COVID-19 Update: Beware of Fraud & Identity Theft in Light of the Pandemic

By Desiree Homer

Sure, identity theft is always an important concern for anyone. But when the pandemic forced thousands of workers to conduct business remotely, and many retailers to embrace digital business models, there also became an opportunity for the bad guys to reach a bigger online pool of people. More specifically, within the automotive industry, lenders are worried about fraudulent activities on the loan side and the vulnerability of a new population, ripe for credit rating degradation. TransUnion is already warning of phishing attempts on consumers, with claims of offers to wash their credit. Other scams are posing as contact tracers and calling on people to secure personal information. While fraud isn’t a new challenge, it’s a reminder to dealers that there are effects and new risks in this COVID-19 environment.

What the Scammers Are Doing These Days

TransUnion, one of the primary three credit reporting organizations, is sending some stern warnings to anyone who conducts business online these days. The tech-savvy criminals have a broader audience and a new menu of opportunities to fool consumers and hack businesses. Some attempts, already reported, include those trying to remove legitimate loans or credit-related products from their reports. Others are exploring what they call a synthetic identity theft, where the bad guys produce a new identity by combining factual and fake information. TransUnion conducted surveys on June 30, and the results are staggering. More than 8% of those adults questioned admitted that they had fallen for a phishing scam. Most people might not be comfortable admitting, even in a blind survey, that they had been taken for a ride, so the fraud experts suggest this percentage is realistically much higher. And 31% of those surveyed admitted they had been targeting by scams. LexisNexis Risk Solutions’ director of fraud and identity, Kimberly White, said their data shows a 50% increase in manipulated identity fraud risks this March from March 2019.

A Leading Concern for Auto Lenders

The lenders are on high alert these days because of the influx of fraudulent attempts on consumers. Anyone falling prey to the scams, and the reports suggest there are thousands who already have, will face long-term risks and consequences. Credit ratings can be significantly compromised and time-consuming to correct when scammers are successful at creating multiple accounts under stolen information. Consumers are already panicked about household finances, with job loss and economic shutdowns. Paying the bills is already a source of tension for many. Having their credit ruined due to identity theft and scams will only make it harder for them to rebound. And when consumers have damaging credit scores, it makes it nearly impossible to secure auto loans.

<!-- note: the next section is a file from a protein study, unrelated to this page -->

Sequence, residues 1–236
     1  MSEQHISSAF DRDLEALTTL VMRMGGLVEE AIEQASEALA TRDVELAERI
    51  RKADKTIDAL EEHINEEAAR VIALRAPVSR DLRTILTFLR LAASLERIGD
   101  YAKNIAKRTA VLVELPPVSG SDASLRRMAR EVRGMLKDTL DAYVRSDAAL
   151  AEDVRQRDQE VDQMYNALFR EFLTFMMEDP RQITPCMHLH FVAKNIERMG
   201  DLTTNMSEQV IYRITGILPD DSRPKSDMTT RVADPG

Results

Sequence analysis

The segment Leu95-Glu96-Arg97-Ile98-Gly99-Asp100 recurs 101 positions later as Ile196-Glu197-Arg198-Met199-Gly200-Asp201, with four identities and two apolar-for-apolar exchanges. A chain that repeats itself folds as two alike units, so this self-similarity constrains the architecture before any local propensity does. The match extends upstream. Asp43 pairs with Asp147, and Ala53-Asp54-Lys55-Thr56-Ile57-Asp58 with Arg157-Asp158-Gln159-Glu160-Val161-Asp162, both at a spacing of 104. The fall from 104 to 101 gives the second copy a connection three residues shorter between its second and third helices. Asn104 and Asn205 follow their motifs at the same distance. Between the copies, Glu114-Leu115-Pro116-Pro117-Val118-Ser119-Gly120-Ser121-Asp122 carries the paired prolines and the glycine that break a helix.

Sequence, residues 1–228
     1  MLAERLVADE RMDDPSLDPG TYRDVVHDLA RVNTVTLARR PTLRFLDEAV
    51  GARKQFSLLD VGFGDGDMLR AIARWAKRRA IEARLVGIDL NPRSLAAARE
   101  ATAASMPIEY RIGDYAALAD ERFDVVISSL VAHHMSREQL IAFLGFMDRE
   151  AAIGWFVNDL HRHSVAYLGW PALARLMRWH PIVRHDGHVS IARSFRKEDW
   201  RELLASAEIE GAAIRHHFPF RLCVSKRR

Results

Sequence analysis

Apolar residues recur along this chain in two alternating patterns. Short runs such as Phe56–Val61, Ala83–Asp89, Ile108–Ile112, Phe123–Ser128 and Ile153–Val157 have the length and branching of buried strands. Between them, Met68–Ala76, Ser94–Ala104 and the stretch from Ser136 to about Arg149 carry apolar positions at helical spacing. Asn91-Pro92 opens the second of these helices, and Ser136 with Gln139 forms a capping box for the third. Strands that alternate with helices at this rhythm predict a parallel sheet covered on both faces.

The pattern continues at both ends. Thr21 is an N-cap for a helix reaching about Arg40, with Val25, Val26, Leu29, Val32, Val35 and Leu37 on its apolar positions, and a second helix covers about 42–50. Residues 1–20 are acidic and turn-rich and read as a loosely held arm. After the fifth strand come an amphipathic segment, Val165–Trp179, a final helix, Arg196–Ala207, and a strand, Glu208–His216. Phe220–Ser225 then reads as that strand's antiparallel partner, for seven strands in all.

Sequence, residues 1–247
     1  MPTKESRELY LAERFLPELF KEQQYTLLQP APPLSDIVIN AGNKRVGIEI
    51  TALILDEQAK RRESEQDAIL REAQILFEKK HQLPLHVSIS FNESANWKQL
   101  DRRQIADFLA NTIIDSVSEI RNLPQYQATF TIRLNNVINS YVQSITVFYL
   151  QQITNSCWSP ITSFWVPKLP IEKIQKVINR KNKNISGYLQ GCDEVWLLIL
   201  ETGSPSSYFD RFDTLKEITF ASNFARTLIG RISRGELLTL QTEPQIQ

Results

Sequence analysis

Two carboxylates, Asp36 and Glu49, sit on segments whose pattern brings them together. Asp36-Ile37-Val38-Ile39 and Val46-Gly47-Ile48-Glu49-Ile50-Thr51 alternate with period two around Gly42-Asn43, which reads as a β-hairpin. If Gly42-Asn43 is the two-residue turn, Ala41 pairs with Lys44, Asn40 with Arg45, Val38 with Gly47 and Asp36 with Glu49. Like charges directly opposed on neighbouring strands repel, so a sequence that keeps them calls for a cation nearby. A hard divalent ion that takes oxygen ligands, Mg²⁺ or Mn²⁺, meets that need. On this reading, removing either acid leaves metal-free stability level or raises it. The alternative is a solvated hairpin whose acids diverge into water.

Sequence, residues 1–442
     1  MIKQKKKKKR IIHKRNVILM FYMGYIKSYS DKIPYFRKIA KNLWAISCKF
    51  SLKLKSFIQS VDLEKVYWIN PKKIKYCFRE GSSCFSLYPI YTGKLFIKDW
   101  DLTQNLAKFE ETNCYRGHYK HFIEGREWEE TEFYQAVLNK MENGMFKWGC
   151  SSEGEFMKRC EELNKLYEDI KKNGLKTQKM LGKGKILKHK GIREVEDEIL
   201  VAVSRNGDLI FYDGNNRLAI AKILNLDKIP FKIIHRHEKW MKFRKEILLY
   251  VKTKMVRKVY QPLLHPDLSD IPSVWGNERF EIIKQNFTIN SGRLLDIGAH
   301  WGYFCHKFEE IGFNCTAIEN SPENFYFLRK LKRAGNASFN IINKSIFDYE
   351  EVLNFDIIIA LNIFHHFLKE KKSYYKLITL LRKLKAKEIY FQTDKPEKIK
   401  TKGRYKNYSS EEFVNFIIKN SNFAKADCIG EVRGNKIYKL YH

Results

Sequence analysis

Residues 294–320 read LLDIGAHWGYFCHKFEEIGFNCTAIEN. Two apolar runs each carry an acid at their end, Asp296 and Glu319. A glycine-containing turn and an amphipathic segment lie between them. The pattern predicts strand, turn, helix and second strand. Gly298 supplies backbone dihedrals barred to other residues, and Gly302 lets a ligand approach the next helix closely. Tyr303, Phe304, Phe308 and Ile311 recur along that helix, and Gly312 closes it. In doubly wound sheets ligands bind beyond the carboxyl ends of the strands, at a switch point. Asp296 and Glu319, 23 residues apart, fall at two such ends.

What Dealers Can Be Doing

Right now, many dealers are reporting great numbers for June and anticipating a return to normal. But the rise in online activity and subsequent phishing scams is a reminder that there are other side effects of the pandemic. It’s still prudent to be cautious and imperative to be aware of protections for any online engagements you may be leveraging. In episode 62 of the Dealer News Today podcast, Jonathan Smoke, Chief Economist with Cox Automotive, warns dealers not to get caught up in a false sense of positive momentum. The market could slide back over the next three months as the shortage of new inventory, and volatile used inventories have real-time effects. Conditions may be heading in the right direction for now, but it’s not time to let down your guard just yet.

Whether you take a proactive approach to warn customers of fraudulent activities or spend a little extra time to make sure your software and online engagement platforms are robustly protected, it’s a good idea to be doing something. Risks and scams are on the rise with potential consequences for consumers and retailers alike.